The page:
Our first three posts have highlighted positive on-campus interview experiences. In this post, we shift focus and explore a less-than-ideal experience as an internal candidate. The author of this post has chosen to remain anonymous.
When we’re job searching at another campus and we hear that there is an “internal candidate” we may automatically assume that that person has obvious benefits that external candidates don’t have. Their insider knowledge, their pre-established connections with members of the search committee, and their ability to network with the hiring authority beyond the interview day may seem like tangible advantages.
In my 15 years of working in student affairs, I’ve been an internal candidate three times. Only one time out of three did I get the position I was looking for. In my experience, internal candidacy doesn’t give one any advantage in searches, and sometimes it’s a distinct disadvantage.
Many years ago (three university’s ago) I was an internal candidate for a director-level position at a large university in the West. I had worked in the office for nearly four years when I found out that the director who had hired me was leaving for a new opportunity. I considered applying for the position for many reasons, but mostly because it seemed like the next logical step on my career path. In addition, I was encouraged by several insiders and outsiders to consider submitting my application materials.
I remember taking extraordinary time preparing my application materials. Truthfully, I felt the likelihood that I would get the position might be a long shot, so when I was called for an interview, I was pleasantly surprised (thrilled, actually). I did what we all do when we’re in a search and we get an on-campus interview. I started picturing myself in the position. I REALLY wanted the job.
Then I found out there were six of us. Yes, six candidates for the same position. All coming to campus for two-and-a-half day long interviews. This should have shaken my confidence, but it didn’t. I knew I would rock it.
I practiced my responses to questions. I finessed my presentation. Frankly, I probably over-prepared. But, as an internal candidate, I knew these people and they knew me. I wanted to be at the top of my game. When the interview day(s) came, I showed up and performed. It was one of those days when departing campus for the night, I felt phenomenal. I felt like I had indeed rocked it.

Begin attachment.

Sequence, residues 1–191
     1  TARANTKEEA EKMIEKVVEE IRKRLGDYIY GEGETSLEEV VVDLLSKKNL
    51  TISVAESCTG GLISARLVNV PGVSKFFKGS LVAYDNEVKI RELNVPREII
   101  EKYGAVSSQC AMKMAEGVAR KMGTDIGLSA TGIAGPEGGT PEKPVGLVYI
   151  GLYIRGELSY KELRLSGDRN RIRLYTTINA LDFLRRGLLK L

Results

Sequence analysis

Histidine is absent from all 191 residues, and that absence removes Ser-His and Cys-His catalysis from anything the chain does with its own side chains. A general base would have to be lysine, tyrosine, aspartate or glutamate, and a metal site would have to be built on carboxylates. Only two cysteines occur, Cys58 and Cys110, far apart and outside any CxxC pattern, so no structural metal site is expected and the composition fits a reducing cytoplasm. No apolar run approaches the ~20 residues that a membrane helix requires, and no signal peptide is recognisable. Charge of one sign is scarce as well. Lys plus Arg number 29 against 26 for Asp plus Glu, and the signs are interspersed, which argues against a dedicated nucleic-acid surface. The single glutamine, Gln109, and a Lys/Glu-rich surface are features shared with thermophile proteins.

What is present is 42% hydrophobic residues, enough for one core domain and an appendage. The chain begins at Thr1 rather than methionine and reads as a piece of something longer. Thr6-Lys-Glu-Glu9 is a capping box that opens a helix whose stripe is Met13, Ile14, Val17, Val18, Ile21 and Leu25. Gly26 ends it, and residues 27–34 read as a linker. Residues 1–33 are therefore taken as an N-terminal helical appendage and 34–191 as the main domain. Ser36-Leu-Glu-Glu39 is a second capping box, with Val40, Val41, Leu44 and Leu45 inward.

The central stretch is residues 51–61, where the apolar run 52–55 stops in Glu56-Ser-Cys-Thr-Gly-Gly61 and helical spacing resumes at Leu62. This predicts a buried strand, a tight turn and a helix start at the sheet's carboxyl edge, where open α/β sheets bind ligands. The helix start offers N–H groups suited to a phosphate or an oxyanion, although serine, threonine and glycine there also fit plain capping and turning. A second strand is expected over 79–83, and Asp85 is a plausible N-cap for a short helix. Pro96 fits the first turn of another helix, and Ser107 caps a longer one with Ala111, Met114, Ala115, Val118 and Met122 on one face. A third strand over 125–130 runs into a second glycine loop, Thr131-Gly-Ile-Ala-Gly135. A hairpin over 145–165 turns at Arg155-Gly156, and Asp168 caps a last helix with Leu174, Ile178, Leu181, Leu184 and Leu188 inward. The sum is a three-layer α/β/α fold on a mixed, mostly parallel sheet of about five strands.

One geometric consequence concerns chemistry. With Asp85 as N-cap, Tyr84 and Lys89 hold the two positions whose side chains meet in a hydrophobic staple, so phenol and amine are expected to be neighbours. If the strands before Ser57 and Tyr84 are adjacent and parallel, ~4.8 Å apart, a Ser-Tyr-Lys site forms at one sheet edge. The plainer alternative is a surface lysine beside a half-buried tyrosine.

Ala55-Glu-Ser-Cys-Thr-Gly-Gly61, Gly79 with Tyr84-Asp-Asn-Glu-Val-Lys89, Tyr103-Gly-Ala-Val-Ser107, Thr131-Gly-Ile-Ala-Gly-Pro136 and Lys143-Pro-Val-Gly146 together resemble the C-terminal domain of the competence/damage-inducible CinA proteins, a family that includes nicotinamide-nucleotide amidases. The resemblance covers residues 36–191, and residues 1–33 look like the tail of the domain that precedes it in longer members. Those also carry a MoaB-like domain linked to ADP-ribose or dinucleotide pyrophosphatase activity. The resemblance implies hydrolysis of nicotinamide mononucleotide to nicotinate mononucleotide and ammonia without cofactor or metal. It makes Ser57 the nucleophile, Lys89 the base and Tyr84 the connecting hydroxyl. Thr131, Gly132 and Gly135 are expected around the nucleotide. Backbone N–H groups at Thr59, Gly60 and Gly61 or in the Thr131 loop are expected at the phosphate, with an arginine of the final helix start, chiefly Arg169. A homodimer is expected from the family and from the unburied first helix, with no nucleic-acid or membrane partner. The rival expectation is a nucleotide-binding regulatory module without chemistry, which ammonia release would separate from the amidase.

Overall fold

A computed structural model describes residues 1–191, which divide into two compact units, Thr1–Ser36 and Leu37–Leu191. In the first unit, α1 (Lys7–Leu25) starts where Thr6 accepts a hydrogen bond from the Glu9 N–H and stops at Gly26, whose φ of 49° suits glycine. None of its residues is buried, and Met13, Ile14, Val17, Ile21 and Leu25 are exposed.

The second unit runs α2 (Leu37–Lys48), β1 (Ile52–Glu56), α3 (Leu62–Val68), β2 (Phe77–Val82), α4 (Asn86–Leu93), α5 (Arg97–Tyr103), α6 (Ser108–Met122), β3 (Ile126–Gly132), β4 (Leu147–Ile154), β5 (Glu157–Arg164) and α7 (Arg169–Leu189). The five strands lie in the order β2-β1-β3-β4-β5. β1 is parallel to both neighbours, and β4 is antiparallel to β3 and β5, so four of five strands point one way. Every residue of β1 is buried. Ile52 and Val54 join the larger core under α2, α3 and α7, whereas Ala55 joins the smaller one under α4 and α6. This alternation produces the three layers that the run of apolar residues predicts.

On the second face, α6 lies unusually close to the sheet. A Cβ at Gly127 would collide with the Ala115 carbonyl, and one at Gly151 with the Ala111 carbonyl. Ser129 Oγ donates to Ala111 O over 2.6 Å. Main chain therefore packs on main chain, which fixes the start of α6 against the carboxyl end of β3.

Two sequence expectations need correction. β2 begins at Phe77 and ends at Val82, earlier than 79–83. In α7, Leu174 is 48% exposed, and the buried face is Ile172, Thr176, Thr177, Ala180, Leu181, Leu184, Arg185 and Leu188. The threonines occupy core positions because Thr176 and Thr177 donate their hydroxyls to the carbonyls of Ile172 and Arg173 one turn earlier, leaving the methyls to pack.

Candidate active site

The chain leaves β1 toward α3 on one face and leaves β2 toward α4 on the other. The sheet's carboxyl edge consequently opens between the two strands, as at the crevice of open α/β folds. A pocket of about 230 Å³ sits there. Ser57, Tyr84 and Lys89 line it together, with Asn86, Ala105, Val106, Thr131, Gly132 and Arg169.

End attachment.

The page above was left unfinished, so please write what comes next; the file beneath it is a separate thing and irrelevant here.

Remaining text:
About a week after the interview, I was called into the hiring authority’s office and told that I didn’t get the position. The reason, I was told, was because I didn’t have enough “experience.” Why, I wondered as I left his office, was I even called to interview if I didn’t have enough experience? My experience (or lack thereof) was visible and clear on my resume. I came to realize that I had been included in the six candidates because of my internal candidate status. Including me didn’t involve hosting me or flying me in from a distant place. I was included as a “favor” or as a courtesy for my work.
We don’t do any good when we extend interviews to internal candidates as “favors” or as a courtesy to that person. The time wasted of the people who spent two-and-a-half days interviewing me should have also been considered as an “expense.”
Don’t get me wrong. I’m grateful for the experience to learn and grow from the interview. I prepared a kick-ass presentation and felt that rush of confidence and positivity for a good performance in front of my peers. I got a lot of positive feedback.
Here’s what sucks though: I should have gotten the job, I was actually the top candidate and the search committee’s pick. How do I know this? Two members of the search committee were co-workers on the staff in the office. We were all close friends. A third member of the committee (also a good friend) was from another office. All three (unethically, I should mention) shared information with me about my candidacy after the interview process was over. They told me that I blew them away. They weren’t expecting my performance to be as good as it was. They were highly impressed. In the end, I was actually the committee’s overall top pick for the position, but the hiring authority went with his own choice (an external candidate). Which is totally his prerogative.
Knowing this information doesn’t change anything. There’s part of me that was satisfied knowing that I’d done well in the interview, that people recognized that and that I could have gotten the position. But there’s also part of me that wonders what other factors were at play. Was my gender a factor? My age? As an internal candidate, everything I’d done up to that point was technically “interviewing” for the position. Had I made a misstep with the hiring authority at some point during the previous four years? Likely all are true to some extent.
In the end, the lesson I learned is that internal candidacy isn’t the advantage it sometimes appears to be.